Nowtopian

Nowtopian

economy, 'technology', public space, San Francisco past and present, class, books

Nowtopian RSS Feed
 
 
 
 

First Time in Santiago, Chile

I found this stencil on the wall in a bike/vegan collective warehouse in Valparaiso.

I found this stencil on the wall in a bike/vegan collective warehouse in Valparaiso.

I had the great pleasure of visiting Chile from March 23-April 5. My host there was Ricardo Jerez, who gave me an amazing time, great hospitality, wonderful history and stories, and made sure I was well taken care of throughout my visit. Ostensibly I went to attend the World Bike Forum, and you can read my Talk here and my ruminations on cycling as they continued after my participation here.

I had a life-long interest in Chile because of the September 11, 1973 coup, fully backed by the CIA and the Nixon-Kissinger White House. At the time I was a high school student in Oakland (at Tech) and a regular listener to KSAN-FM (“the jive 95”), at the time still in the glory period of freeform FM radio. The news department anchored by Dave McQueen and Larry Lee was an amazingly subversive source of information (supplemented regularly by the hilarious work of Wes “Scoop” Nisker) and I remember well hearing about General Pinochet’s attack on the national palace in Santiago, and the death of democratically elected socialist president Salvador Allende as it happened on their newscast. By the time I was in college at Sonoma State College (now University) in Cotati/Rohnert Park in 1975 the Chilean solidarity movement was in full bloom, based largely on the dozens of Chilean political exiles that had arrived in the Bay Area since escaping the military dictatorship that was imposed in Chile.

Meaghan-Kachadoorian_image-1-active-resistance-poster

Poster by Lisa Kokin (1978), courtesy of Docs Populi

I learned a lot about Chile, the Allende period, the terror and barbarism of the Pinochet era, and participated in protesting the arrival of the “Torture Ship” Esmeralda when it sailed under the Golden Gate Bridge on a “goodwill” visit to the U.S. And I got a crash course in the “Left” when I found myself working with the Free Chile Center in San Francisco (largely full of supporters of Allende’s Popular Unity government) who were in endless conflict with the folks who founded La Peña in Berkeley (who were supporters of the MIR, the Movement of the Revolutionary Left, who had gone underground before the election of Allende and called for “arming the workers” as the antidote to the coming coup). The mid-1970s was a time when the bitter disputes between followers of the Communist Party and the Soviet Union and the growing ranks of those to their left seemed much more vital than they do in retrospect.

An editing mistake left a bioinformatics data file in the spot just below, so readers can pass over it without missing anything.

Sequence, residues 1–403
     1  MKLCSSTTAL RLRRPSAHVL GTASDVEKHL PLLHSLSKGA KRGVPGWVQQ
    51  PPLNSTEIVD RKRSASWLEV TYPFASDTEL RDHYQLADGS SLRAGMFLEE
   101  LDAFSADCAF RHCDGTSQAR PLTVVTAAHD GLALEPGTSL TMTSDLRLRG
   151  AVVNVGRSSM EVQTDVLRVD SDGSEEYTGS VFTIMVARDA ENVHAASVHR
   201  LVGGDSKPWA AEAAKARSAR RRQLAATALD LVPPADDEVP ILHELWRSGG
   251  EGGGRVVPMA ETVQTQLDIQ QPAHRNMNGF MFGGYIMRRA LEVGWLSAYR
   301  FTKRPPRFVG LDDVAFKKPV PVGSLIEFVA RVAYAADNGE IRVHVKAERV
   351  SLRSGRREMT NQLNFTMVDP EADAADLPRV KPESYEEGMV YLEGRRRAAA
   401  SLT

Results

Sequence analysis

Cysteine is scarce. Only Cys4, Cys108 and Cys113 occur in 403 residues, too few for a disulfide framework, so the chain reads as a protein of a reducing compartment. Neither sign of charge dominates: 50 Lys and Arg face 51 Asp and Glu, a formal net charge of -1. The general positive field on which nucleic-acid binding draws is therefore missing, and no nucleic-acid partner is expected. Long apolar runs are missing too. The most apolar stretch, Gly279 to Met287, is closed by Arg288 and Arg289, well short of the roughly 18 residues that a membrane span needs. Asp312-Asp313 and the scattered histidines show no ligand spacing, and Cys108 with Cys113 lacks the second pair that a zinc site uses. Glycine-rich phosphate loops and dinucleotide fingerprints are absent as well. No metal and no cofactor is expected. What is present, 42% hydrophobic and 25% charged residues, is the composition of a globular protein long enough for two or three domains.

Meaghan-Kachadoorian_image-3-Stop-the-Esmeralda

Poster courtesy of Docs Populi

It was a bit jarring to come up on the Esmeralda docked at the Navy base that dominates the port of Valparaiso.

It was a bit jarring to come up on the Esmeralda docked at the Navy base that dominates the port of Valparaiso.

This post will feature images from my tourism around Santiago. The next post will be focused on Valparaiso where I had the pleasure of spending a weekend and look forward to returning for a longer visit another time. In general my appetite for Chile was both satisfied and further whetted by this visit. I particularly want to visit regions to the south and north of the capital city and its nearby port (120 km) in Valparaiso.

In my first hour in Santiago, Ricardo took me on a lovely walk around the place I was staying. The neighborhood walls are full of graffiti and posters.

In my first hour in Santiago, Ricardo took me on a lovely walk around the place I was staying. The neighborhood walls are full of graffiti and posters.

A short walk away was the "Concha y Toro" neighborhood, designed in the 19th century to replicate a cozy Parisian neighborhood. Ricardo had enjoyed several years in the adjacent building when it was abandoned, using it as a Social Center and bike workshop.